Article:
Engineers do not like surprise. We prefer to know the result ahead of time with reasonably good estimation. We are well aware of the Murphy’s Law, so we will leave some safety margin to cope with the uncertainty. However, we will still do our best trying to to minimize the uncertainty.
On the other hand, girls seem to like surprise alot. They think surprise is romantic and shows much their boyfriends care about them. In fact, this is actually based on a wrong perception. Having an execution well according to the plan with lots of check and balance demands more effort than having a surprise. Since surprise usually lacks feedbacks and inputs from the customer (i.e. the girl) in the planning process, the quality of the end product suffers. When the girls receive a surprise, they are just too overwhelm by the element of surprise so they simply overlook other problems. In fact, the total amount of pleasure experienced by the girls is much more in a well planned execution than in a surprise. Those pleasant experience just goes unnoticeable because it is distributed over the course of the planning period.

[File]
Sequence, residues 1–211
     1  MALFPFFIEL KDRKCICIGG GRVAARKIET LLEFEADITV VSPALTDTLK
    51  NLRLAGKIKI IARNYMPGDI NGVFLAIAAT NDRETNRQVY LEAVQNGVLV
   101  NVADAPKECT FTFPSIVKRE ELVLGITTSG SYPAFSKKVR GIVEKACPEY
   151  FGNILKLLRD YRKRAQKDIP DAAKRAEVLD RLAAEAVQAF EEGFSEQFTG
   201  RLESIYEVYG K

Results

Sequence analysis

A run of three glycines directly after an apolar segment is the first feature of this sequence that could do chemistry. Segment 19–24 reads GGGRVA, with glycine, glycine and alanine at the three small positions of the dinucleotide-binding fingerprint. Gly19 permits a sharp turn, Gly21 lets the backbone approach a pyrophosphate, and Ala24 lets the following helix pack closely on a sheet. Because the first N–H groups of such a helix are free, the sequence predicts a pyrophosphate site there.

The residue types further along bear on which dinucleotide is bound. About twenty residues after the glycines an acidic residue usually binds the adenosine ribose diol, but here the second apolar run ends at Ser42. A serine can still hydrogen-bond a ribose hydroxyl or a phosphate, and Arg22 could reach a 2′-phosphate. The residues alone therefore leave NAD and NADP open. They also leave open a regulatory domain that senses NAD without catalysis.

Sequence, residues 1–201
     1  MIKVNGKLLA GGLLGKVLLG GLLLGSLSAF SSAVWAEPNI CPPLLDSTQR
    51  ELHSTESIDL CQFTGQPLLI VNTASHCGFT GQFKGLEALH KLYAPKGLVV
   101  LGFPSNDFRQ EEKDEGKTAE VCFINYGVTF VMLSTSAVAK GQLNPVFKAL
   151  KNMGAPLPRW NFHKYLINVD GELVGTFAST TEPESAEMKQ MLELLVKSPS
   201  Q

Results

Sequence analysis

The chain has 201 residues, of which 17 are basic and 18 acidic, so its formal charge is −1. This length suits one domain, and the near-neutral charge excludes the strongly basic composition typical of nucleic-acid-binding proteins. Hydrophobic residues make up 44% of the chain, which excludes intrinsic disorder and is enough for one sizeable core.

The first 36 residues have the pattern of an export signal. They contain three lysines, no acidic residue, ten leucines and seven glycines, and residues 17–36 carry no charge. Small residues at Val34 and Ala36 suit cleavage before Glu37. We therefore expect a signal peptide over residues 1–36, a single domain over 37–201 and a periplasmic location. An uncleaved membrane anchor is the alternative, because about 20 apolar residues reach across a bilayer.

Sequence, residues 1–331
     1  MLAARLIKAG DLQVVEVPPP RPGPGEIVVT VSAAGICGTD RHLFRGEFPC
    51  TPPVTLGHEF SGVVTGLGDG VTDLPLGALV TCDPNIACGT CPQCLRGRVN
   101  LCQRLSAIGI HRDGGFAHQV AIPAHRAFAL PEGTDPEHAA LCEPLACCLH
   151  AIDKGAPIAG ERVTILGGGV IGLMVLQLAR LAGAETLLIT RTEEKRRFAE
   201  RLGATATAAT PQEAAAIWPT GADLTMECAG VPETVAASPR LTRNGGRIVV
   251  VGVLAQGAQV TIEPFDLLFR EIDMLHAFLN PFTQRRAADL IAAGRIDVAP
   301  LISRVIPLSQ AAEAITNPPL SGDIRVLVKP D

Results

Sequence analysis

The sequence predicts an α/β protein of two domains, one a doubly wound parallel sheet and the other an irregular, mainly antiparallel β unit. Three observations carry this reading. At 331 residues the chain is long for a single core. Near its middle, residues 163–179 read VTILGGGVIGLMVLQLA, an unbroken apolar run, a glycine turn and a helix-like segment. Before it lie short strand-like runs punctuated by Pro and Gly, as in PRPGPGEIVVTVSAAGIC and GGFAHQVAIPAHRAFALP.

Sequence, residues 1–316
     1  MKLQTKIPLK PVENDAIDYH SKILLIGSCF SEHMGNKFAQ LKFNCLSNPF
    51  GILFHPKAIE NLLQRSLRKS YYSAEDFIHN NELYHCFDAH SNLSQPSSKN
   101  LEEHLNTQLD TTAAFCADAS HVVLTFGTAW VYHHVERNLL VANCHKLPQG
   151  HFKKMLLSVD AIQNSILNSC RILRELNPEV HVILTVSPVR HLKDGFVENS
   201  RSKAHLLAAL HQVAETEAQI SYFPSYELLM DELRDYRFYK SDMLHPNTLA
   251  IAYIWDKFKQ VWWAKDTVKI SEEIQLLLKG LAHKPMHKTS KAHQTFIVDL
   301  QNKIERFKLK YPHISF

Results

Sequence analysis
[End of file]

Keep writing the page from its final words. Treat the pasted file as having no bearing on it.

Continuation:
Sometimes, the girl may be unhappy about the surprise delivered because it doesn’t match her expectation. The problem is that if the girl refuse to give inputs during the process, there is simply no way to guarantee a satisfying end result. The feedback loop is broken. Just like the product design engineers can’t build a product satisfy the customer’s requirements if the marketing department gives us confusing or insufficient specification. Surprise and quality is mutually exclusive, you can just pick one. Actually, you can attempt to balance quality and surprise. The important parts have to plan carefully, then randomize some trivial parts to add some surprise for decoration.